Caroline Ouellette's road to Hockey Hall of Fame wasn't an easy one

It took her two years to convince her parents to let her play the sport and she was the only girl on her team from age 9-17 in Rosemont.

Article content

Women’s hockey has come a long way from when Caroline Ouellette first started playing at age 9 in Rosemont.

Ouellette’s father, André, didn’t want his daughter to play the sport and it took her two years before she could convince her mother to let her play.

Article content

“My dad had never seen a girl play hockey,” Ouellette, 44, said Monday night during her acceptance speech in Toronto after becoming the 10th woman inducted into the Hockey Hall of Fame. “It was eventually my mom, Nicole, that brought me to the store — without my dad — to buy me my first pair of hockey skates.”

Advertisement 2

Article content

Ouellette thanked Joe Martucci, who was president of the Comité des Jeunes de Rosemont, for allowing her to play on what was an all-boys’ team, promising that she would be welcomed and respected by her teammates.

That didn’t necessarily go for the teams Ouellette would play against.

“I played with boys from 9-17 years old and all those years I was the only girl on my team,” Ouellette said in her acceptance speech. “I heard about every possible name-calling. These challenges helped me develop a deeper appreciation of how lucky I was to play hockey when so many women around my age couldn’t have this same opportunity.”

Her father became her coach and her mother attended every game, cheering on all the players “as if we were all her children,” Ouellette said.

Ouellette still remembers the advice her father gave her about dealing with the name-calling she would get as the only girl on the ice.

” ‘Caro, you don’t control what other people say to you but you always control your actions, you always control your attitude and the best thing to do right now is to focus on being a difference-maker on the ice, where you have control,’ ” she recalled her father saying.

Article content

Advertisement 3

Article content

We apologize, but this video has failed to load.

Advertisement 4

Article content

Ouellette said her mother taught her the value of togetherness, of caring for others and to celebrate her teammates’ accomplishments as if they were her own.

“I was released from more minor hockey teams than I can remember, but never did my parents blame the coaches or called for injustice,” Ouellette said. “They always kept a positive mindset, encouraging me to continue on my path wherever it led me.”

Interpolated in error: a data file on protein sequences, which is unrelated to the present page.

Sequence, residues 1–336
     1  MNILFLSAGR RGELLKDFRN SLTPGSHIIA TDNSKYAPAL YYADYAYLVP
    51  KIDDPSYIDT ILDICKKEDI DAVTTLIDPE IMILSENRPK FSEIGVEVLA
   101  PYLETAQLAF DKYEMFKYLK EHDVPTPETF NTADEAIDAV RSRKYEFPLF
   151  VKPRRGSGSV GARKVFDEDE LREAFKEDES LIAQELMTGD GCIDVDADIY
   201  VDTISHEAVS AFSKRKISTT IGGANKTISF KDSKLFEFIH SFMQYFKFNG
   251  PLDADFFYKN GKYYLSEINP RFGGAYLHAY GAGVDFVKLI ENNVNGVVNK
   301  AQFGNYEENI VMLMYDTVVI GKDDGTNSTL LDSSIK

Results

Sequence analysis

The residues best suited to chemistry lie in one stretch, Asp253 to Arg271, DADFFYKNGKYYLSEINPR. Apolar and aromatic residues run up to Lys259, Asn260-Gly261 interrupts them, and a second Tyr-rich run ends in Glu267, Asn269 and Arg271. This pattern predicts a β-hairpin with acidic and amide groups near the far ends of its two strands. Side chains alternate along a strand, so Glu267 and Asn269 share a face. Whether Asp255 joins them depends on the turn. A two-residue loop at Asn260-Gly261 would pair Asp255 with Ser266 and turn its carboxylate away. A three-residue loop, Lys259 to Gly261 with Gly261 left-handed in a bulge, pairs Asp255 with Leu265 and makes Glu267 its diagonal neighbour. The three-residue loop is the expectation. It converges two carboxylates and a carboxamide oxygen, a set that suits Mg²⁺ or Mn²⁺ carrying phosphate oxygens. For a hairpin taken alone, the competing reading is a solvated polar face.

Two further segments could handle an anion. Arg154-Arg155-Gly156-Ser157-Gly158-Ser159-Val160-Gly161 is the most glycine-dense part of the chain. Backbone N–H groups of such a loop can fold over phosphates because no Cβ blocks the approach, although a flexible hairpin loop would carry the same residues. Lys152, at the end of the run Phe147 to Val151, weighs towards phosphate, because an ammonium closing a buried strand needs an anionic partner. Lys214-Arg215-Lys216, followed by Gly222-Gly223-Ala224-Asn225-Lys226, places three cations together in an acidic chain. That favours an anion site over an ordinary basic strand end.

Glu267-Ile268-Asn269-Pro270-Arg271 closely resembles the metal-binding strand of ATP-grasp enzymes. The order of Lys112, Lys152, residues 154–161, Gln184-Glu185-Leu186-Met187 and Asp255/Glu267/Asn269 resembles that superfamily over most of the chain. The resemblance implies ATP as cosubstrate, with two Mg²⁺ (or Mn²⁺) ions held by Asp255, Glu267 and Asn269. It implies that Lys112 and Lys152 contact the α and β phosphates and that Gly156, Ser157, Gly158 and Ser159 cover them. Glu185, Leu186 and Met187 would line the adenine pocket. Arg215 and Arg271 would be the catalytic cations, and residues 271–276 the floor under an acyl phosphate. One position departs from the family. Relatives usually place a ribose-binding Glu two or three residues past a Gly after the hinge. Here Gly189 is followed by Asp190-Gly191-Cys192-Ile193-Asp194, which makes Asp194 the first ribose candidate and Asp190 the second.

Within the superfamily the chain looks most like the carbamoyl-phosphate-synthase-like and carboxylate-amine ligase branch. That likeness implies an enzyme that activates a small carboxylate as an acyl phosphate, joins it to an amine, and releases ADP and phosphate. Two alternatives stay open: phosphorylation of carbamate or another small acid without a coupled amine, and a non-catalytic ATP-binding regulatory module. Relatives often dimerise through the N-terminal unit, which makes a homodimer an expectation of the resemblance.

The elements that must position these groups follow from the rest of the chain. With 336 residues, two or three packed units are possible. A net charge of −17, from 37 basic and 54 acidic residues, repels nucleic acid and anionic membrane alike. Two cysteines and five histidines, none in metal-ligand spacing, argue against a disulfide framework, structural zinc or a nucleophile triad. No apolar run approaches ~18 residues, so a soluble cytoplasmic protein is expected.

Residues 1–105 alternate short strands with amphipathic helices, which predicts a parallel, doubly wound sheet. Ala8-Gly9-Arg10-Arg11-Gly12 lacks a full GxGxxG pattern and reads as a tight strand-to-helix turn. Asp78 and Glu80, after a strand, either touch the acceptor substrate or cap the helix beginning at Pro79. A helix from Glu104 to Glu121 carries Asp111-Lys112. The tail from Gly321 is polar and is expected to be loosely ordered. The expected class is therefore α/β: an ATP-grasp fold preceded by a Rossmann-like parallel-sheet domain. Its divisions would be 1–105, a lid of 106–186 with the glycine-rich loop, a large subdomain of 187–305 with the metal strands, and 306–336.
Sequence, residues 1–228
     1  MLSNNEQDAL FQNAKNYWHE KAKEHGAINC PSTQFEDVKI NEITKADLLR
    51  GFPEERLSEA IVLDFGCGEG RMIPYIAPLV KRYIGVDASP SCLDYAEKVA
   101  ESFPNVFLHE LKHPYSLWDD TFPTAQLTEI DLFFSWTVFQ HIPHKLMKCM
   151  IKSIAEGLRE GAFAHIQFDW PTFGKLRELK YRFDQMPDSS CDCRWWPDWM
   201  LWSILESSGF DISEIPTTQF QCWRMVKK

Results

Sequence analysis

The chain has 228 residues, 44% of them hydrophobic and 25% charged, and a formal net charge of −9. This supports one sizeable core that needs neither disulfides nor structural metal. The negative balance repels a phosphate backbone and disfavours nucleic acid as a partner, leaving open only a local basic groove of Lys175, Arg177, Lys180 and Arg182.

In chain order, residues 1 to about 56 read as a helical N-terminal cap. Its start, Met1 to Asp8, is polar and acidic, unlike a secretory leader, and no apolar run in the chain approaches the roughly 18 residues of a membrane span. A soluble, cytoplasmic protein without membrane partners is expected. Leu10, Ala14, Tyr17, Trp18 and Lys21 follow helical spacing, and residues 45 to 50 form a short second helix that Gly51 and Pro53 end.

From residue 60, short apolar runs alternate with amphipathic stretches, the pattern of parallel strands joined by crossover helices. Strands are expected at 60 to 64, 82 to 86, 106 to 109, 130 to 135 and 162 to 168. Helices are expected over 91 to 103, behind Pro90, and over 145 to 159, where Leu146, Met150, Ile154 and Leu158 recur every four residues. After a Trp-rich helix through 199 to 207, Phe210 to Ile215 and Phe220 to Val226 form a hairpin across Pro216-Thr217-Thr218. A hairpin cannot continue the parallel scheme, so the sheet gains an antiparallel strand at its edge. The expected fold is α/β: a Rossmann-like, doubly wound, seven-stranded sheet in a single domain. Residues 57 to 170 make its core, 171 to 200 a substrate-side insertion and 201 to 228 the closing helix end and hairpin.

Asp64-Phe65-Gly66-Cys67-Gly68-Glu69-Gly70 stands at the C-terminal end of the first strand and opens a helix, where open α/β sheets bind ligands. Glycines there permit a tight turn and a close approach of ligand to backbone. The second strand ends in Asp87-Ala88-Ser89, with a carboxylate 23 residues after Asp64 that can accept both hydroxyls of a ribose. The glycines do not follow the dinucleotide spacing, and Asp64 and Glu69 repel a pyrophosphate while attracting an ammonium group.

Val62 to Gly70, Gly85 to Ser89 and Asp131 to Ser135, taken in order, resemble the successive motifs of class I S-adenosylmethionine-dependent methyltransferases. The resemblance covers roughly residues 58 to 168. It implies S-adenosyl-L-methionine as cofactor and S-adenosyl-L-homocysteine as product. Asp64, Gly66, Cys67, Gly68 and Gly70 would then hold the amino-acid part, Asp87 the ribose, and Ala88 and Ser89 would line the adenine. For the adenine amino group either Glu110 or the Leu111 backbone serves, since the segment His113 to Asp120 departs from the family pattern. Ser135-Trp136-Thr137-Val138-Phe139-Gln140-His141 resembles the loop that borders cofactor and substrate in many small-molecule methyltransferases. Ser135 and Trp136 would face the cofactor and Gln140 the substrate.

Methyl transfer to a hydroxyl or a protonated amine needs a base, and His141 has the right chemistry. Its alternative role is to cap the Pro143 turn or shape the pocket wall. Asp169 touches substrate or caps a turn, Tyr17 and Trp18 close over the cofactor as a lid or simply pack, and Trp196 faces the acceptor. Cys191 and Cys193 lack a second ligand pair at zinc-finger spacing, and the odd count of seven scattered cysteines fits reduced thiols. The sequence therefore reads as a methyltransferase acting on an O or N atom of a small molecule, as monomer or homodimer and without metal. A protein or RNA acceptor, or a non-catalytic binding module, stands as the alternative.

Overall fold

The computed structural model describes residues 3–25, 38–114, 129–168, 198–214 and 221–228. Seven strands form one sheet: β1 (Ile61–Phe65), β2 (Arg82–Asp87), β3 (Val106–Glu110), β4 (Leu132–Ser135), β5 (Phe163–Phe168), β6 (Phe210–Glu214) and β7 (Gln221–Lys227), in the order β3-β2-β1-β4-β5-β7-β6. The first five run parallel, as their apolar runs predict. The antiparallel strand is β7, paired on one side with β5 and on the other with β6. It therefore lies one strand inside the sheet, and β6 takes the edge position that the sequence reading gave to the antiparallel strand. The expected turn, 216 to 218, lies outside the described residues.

That path led Ouellette to four Olympic gold medals, six IIHF Women’s World Championship gold medals as well as six silver medals as a forward with Team Canada. She is also a four-time winner of the Clarkson Cup, winning the National Women’s Hockey League championship with the Montreal Stars in 2009, 2011 and 2012 and again in 2017 with the renamed Canadiennes de Montréal.

Ouellette also played at Concordia University and at the University of Minnesota-Duluth, where she earned a degree in criminology. In 2019, she was named to the Order of Canada.

Ouellette is now a coach with the national team program and is associate head coach of the Concordia Stingers. Her wife, Julie Chu, is the head coach at Concordia.

Advertisement 5

Article content

We apologize, but this video has failed to load.

Advertisement 6

Article content

“I hope that I can help them grow and develop to become strong and confident women,” Ouellette said about the players she coaches.

Ouellette said she is “filled with hope” for the future of women’s hockey with the new Professional Women’s Hockey League that will begin play in January.

Chu, who used to play against Ouellette as a four-time Olympian with Team USA, was with her at Monday night’s Hall of Fame induction ceremony. Ouellette described Chu as her best friend and “the most wonderful human being in the world.” They are raising two young daughters together.

“I feel so lucky that I discovered hockey as a kid,” Ouellette said. “It instinctively became a passion. As far as I can remember, I watched all the Montreal Canadiens games. I knew all the players. My dream was to play for the Habs like every kid in hockey in Montreal.”

That hockey dream didn’t come true for Ouellette — but a lot of other ones did.

[email protected]

Related Stories

Article content


Postmedia is committed to maintaining a lively but civil forum for discussion and encourage all readers to share their views on our articles. Comments may take up to an hour for moderation before appearing on the site. We ask you to keep your comments relevant and respectful. We have enabled email notifications—you will now receive an email if you receive a reply to your comment, there is an update to a comment thread you follow or if a user you follow comments. Visit our Community Guidelines for more information and details on how to adjust your email settings.